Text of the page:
Albyon #RemakeJam Post-Mortem

Let's start with a little bit of background. I've had a game in mind for a long time that was distantly based on a game I wrote on the ZX Spectrum many, many years ago (sometime in the late 1980s, I think). So far I've had about three attempts to actually write the game, and they all stalled early on.

When the #RemakeJam came along, I saw this as an ideal way of doing a very simple, very cut-down version of this game, going back to the original and doing only the most basic features. The hope was that this would kick-start the main game and get it out of its permanently-stalled state.

Did it work? 

Yes, it did.

I knew right from the start that even this highly-simplified version of the game would be too big to complete in the available time, but that didn't bother me. Rightly or wrongly I don't see finishing off a game as the goal of game-jams -- I see them more as a place to rapidly try out ideas that you might otherwise not get round to.

I had a plan of action worked out, broken down into neat little tasks that I intended to complete each day (hah!). This started well, but inevitably it fell apart towards the end of the week. There were two reasons for this, one being that some of the later features proved trickier than I thought, and the other that I changed my mind about the nature of the game as I developed it -- originally I was intending something more graphical, rather than the largely text-based UI that I ended up with.

In spite of that, I actually completed most of what I hoped for. The only real problem was that most of the intended features were entirely minimal.  For example, there is food in the game, but I only implemented a single item (pie!), and didn't have a hunger system, which made it rather redundant. I also had a system for interacting with other characters, but only ended up with one interaction (if you talk to a knight they will offer combat training).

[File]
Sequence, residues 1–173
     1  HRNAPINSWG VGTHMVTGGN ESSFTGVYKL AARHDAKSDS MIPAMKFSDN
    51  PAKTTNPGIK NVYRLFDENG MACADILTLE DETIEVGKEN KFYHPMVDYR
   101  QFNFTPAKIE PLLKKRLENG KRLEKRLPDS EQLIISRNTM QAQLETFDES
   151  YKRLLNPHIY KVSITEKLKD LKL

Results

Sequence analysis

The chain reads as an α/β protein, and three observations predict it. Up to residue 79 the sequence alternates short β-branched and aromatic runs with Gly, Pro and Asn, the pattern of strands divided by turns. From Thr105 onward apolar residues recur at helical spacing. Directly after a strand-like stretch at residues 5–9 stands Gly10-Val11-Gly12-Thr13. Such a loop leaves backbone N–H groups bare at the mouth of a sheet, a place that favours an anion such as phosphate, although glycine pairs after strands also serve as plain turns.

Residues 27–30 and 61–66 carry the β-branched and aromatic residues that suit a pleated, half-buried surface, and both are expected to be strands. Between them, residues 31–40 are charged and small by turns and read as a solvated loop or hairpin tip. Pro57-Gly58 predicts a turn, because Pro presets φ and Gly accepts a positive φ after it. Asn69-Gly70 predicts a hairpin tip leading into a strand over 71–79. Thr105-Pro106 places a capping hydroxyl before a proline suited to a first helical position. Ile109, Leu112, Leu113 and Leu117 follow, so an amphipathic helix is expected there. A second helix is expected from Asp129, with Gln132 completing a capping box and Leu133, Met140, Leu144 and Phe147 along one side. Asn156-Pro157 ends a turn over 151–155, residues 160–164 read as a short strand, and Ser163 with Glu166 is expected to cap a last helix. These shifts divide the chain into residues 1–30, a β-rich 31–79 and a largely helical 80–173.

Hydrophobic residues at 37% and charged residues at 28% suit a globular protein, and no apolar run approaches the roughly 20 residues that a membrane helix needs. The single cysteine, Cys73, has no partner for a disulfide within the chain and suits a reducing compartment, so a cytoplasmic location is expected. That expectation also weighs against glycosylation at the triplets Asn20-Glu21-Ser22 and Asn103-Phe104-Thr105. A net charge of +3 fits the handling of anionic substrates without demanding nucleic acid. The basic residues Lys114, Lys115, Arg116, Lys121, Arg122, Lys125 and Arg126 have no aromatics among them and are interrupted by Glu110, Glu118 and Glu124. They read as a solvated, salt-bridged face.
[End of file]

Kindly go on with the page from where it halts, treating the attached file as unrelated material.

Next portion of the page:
What did I end up with?

Well, most importantly, I ended up with a decent, flexible framework for the game. Even if I only had time to implement minimal versions of the features, the framework behind them means that it will not be hard to flesh these out, and indeed to add new features.

I consider this a good result, and am highly pleased with how successful this jam has proved for me.

What next?

I've spent the week since the jam refactoring the existing code (game jams are not compatible with writing decent, well-structure code!) and making the framework even more flexible and extensible.

I'm not going to go back to my original game yet. Instead I'm going to press on with Albyon and turn it into a full and finished game. It will only have a limited subset of all the features that I was planning for the original game, but once it is finished I should have a good starting-point for that game. My intention is that I will get to v1.0 of Albyon, and then stop. I won't add any more features to it, but will only do bug-fixes, and instead will turn my attention to the original game.

At least, that's the plan...

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